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Dam talks at an impasse

Dam talks at an impasse

The latest round of discussions between Ethiopia, Egypt and Sudan on the issue of the Grand Ethiopian Renaissance Dam (GERD) under construction on the Blue Nile is reported to have reached an impasse. The breaking point came after Ethiopia accused Egypt’s request to delay the water filling process of the USD 5 billion GERD located 40 km off the Ethio-Sudanese border, western Ethiopia.

According to Ethiopia’s Minister of Water, Seleshi Bekele (PhD), Ethiopia intends to fill the dam this coming summer, while Egypt has requested for a delay by 12 to 21 years.

“Egypt comes up with a new matrix that sets the time of the filling of the dam. That is unacceptable,” the Minister said to a hastily arranged press conference in the wee hours of the night inside Skylight hotel.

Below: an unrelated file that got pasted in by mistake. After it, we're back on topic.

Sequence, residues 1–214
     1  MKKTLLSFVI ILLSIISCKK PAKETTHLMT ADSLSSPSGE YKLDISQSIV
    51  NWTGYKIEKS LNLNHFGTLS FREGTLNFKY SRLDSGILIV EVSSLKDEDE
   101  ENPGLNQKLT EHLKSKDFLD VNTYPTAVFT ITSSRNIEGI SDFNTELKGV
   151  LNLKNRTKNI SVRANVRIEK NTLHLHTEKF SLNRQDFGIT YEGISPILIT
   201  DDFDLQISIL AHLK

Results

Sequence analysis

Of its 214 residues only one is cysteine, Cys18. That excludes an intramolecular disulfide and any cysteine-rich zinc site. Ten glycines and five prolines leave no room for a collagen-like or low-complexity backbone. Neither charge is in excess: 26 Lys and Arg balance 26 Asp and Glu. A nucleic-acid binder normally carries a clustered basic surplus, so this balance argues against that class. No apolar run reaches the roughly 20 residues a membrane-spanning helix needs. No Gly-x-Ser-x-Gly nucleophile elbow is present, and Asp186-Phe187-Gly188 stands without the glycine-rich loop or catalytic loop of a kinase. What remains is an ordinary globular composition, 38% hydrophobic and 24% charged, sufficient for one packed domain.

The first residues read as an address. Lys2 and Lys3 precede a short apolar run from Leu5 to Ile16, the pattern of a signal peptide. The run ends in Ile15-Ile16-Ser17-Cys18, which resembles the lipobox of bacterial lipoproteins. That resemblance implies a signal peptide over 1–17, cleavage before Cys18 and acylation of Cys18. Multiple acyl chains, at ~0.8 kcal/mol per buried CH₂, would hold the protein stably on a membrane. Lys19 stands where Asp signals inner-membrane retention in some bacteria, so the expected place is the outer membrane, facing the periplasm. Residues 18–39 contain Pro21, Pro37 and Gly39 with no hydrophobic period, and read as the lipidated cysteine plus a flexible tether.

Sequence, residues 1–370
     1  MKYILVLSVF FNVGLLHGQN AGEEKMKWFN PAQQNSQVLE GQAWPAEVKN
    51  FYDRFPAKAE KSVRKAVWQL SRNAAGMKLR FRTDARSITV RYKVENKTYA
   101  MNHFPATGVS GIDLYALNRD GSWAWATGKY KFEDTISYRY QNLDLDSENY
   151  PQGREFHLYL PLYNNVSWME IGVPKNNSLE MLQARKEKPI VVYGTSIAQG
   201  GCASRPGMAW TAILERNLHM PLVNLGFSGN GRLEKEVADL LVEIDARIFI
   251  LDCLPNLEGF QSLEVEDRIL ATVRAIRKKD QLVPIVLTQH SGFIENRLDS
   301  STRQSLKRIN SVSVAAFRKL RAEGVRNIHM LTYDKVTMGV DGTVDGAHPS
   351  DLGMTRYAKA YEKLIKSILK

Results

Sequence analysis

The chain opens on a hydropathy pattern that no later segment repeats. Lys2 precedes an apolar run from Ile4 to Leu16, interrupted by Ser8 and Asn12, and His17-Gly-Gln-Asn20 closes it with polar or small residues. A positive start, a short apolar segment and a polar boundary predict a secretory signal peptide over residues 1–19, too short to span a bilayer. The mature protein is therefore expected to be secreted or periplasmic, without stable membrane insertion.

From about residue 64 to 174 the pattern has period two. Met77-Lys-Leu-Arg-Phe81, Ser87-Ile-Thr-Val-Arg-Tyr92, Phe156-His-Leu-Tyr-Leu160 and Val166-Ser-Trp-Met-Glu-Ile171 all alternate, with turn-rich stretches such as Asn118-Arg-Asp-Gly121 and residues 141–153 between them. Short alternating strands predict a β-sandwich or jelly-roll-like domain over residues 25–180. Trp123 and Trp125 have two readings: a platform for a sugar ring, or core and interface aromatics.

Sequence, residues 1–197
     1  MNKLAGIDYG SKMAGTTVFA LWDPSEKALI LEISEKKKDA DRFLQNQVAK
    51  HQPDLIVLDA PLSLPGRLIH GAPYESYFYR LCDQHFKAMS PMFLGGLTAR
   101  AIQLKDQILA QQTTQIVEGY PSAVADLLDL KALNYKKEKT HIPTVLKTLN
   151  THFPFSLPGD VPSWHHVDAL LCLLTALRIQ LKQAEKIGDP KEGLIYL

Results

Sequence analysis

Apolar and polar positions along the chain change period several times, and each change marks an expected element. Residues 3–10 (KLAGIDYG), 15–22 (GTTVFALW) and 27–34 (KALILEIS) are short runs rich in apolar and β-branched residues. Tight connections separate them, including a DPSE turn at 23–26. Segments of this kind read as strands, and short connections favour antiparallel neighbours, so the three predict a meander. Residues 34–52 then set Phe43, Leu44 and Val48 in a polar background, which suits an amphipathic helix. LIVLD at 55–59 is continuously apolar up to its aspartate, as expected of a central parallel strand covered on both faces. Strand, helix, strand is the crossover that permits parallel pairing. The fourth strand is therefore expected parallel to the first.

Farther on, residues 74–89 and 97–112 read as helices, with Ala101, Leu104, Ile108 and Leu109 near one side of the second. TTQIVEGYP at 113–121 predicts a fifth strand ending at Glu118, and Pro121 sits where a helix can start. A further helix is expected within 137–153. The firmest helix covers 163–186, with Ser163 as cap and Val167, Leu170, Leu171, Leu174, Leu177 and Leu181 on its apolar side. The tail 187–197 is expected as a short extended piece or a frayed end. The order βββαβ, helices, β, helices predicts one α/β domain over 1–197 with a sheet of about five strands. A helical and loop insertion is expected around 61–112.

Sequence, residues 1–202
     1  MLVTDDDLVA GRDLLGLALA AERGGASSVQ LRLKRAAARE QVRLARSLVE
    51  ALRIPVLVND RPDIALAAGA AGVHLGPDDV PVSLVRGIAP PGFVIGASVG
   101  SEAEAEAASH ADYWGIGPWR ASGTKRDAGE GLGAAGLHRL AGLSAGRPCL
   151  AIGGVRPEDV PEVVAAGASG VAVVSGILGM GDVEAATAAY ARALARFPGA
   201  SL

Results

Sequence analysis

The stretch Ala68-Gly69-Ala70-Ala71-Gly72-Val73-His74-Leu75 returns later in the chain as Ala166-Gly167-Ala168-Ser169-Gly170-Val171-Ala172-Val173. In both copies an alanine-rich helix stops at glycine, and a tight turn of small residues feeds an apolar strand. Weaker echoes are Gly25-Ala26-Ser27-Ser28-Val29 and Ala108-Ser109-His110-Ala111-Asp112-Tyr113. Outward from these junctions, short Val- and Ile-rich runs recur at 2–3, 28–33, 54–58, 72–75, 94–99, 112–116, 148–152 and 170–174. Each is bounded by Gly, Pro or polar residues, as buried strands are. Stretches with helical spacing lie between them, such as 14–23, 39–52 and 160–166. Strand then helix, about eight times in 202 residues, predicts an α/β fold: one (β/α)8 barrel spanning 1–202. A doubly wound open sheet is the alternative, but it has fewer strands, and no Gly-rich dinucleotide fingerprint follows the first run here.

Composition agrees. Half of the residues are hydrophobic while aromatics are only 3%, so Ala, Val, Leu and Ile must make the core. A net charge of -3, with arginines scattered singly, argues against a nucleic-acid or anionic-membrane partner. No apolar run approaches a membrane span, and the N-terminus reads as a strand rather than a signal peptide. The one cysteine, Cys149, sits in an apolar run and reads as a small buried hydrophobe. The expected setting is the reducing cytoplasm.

According to sources, Ethiopia had been asking to fill the dam in four to seven years, in which the Minister noted progress in the negotiations, but many differences still need to be ironed out.

The latest effort to resolve the issue was first proposed by the United States and the World Bank. The representatives of the three nations had met in Washington DC, including an audience with the US President Donald Trump and put a January 15 deadline for the negotiations.

With little success in Addis Ababa, the three are to fly to Washington to present their progress and look for other options to resolve the issue by way of mediation.

Ethiopia, which is fast moving from an aid dependent nation to one that can sustain itself from development as well as economic progress, continues to see the Blue Nile as a strategy to help a population that has shortages in energy and water.

However, Egypt sees it as a survival issue, where 90 percent of its irrigation and drinking waters come from this body of water and one protected under the 1959 water-sharing treaty calls it “its historical right.”